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The World As I See It

The Photography and Blog of Marcin 'Rambo' Roguski
The Northern Cheyenne Indian Reservation is approximately 444,000 acres of land – part of Cheyenne traditional territorial hunting range with the Black Hills about 150 miles east of it. It borders Crow reservation from the west and Tongue River from the east. There are about 4500 people living there, mostly in five major communities: small towns, of which Lame Deer is the largest. Cheyenne land consists mostly of rich in pine timber hills and vast grassy meadows scattered with creeks and drainage. Sagebrush is very common there and, so characteristic to that terrain, "red earth".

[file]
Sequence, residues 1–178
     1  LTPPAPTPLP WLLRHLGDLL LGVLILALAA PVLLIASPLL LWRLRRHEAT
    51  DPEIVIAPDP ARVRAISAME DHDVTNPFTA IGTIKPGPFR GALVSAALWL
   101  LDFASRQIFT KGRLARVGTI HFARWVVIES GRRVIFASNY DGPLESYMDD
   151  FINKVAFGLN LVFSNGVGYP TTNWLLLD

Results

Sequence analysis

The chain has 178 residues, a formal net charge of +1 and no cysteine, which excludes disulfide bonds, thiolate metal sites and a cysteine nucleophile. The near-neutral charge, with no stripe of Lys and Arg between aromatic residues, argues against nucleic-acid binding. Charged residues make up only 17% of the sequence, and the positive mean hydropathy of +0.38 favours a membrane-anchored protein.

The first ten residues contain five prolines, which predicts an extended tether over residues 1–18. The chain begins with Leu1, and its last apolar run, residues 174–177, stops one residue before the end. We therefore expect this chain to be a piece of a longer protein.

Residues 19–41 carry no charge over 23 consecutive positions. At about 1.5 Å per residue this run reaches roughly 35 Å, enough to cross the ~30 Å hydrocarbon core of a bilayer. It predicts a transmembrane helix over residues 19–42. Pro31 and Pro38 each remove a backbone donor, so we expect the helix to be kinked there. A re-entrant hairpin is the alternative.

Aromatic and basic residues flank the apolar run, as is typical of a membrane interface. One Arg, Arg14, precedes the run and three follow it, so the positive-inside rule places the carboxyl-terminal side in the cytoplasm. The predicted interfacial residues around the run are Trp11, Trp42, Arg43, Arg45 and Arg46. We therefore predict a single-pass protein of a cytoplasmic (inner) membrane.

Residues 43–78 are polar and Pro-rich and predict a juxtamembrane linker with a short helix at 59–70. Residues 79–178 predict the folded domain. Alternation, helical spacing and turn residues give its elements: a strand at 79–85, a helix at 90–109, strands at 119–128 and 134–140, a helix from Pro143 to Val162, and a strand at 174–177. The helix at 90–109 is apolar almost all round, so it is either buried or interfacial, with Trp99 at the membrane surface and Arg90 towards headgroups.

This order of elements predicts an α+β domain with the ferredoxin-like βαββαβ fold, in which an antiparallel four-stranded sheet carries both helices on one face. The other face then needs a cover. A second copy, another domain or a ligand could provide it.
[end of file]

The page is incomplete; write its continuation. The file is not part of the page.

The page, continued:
The vast size is humbling: what from the distance seems to be a small raise turns to be a hill several dozens of feet high. Small pockets of bushes are in reality full grown pine trees. There are, of course, some places one shouldn't miss: the unforgettable view of swirling Tongue River from lookout point on Kelty Ridge, and the Morning Star View (although I learned its name a whole year later) – landscape you can marvel at while driving through Skyline Drive, an unpaved back road starting from Lame Deer, going east through the hills and ridges parallel to route 212 and ending in Rabbit Town.
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